Sunday, November 07, 2010

Book review: Sew Retro

I've thoroughly enjoyed learning about the history of sewing (and, in parallel, a look at feminism and gender roles) in the new book Sew Retro, by Judi Ketteler.

I was inspired by the profile of Ellen Curtis Demorest, who made paper patterns accessible to the home seamstress.  Among many enterprises, she ran a magazine that encouraged positive messages for women.  It encouraged them to seek employment, apply to college, and applaude the successes of their women peers.  She provided jobs for women in her shops throughout the country, including hiring African-American women who received the same benefits as white women.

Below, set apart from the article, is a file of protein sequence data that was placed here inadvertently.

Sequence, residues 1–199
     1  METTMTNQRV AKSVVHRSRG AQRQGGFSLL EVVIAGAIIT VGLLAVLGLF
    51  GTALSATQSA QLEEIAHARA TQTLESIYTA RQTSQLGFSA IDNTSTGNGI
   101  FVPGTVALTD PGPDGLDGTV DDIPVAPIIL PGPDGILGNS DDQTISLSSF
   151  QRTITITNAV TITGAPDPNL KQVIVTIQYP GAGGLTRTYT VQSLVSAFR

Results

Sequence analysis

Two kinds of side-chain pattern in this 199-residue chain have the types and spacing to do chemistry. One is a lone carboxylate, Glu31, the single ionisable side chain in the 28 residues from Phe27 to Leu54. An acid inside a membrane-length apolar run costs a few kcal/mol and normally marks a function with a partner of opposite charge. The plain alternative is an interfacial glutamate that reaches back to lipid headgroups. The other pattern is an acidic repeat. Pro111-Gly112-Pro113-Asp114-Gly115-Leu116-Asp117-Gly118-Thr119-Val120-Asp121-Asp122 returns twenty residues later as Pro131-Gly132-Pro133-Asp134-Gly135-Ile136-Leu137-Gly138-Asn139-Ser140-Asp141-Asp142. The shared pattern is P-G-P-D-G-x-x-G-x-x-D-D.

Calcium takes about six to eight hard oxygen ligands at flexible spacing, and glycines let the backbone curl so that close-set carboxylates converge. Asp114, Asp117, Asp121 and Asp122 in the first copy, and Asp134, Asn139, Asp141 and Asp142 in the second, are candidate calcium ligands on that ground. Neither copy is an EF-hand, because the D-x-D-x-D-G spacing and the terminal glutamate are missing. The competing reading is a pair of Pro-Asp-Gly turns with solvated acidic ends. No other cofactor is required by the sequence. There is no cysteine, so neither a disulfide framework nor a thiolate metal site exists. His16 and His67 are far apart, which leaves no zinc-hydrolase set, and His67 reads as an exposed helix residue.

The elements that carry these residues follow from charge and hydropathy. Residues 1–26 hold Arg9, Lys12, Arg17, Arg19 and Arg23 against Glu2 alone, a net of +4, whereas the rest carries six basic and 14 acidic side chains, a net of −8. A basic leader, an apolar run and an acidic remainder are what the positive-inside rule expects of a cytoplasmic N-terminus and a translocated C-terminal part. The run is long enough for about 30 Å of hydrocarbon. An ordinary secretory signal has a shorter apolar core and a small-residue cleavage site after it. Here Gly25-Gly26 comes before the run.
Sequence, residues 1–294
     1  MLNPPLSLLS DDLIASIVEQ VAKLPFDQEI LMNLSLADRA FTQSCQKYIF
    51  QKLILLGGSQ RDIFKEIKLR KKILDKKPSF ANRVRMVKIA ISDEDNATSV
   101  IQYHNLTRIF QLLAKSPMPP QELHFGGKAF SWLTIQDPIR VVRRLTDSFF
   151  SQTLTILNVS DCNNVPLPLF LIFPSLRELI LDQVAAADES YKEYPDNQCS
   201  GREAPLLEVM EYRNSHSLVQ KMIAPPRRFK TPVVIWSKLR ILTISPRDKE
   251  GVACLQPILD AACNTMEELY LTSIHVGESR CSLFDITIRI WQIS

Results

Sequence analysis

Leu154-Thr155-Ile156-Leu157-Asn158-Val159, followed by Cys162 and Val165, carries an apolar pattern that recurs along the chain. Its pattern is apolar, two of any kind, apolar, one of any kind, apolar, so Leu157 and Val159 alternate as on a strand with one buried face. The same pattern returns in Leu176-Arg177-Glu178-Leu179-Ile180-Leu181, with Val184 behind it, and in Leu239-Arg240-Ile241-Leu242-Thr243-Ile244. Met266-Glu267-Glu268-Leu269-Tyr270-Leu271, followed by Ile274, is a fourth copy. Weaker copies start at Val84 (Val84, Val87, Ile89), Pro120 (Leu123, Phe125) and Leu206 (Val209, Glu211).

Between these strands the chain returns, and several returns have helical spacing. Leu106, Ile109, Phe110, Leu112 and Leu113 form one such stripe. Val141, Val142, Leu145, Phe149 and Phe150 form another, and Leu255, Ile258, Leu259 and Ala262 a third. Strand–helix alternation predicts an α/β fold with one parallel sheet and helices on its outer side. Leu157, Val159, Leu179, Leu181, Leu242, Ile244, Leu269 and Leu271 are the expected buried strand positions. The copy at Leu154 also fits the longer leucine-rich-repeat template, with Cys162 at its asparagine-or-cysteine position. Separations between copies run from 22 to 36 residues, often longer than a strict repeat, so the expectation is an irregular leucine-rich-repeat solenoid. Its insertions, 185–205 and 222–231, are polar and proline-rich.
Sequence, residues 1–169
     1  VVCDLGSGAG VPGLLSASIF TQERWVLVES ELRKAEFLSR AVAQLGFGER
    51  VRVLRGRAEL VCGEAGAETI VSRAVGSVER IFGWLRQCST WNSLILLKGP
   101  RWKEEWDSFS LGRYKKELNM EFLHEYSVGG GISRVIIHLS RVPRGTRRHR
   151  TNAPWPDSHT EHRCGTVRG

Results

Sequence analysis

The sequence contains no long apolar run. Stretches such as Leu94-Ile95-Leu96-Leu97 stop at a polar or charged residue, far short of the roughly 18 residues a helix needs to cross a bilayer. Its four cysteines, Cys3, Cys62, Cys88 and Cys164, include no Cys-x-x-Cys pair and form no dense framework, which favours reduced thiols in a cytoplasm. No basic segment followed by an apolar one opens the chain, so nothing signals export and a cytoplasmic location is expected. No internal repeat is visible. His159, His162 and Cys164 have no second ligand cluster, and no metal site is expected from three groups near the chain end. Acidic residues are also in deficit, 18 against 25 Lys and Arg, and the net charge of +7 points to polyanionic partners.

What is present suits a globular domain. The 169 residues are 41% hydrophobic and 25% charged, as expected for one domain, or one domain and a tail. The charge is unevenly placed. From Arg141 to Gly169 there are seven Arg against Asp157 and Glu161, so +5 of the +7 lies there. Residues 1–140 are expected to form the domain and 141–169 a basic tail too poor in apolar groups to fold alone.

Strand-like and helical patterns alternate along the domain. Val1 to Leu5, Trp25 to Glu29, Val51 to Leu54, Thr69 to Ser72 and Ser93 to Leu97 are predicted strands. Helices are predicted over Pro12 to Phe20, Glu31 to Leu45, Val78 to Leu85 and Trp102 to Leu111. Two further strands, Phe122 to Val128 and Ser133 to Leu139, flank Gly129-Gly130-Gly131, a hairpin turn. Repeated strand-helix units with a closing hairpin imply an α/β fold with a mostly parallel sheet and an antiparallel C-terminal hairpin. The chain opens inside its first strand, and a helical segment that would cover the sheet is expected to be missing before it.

If you're interested in fashion, sewing, and/or women's history, this book is a fun and informative read.  (Your library probably has it, if you're willing to wait in line.)  The book also provides sewing projects for the modern woman, inspired by the past.


Marilyn said...

Sounds like a good book.

Esmerelda said...

Sounds very interesting. I wonder if I can get it at the Library?

parTea lady said...

That does sound interesting - I'll check with my local library. Thanks.

Angela McRae said...

You've definitely got me adding that to my wish list. Anything to do with women's history like that greatly appeals to me!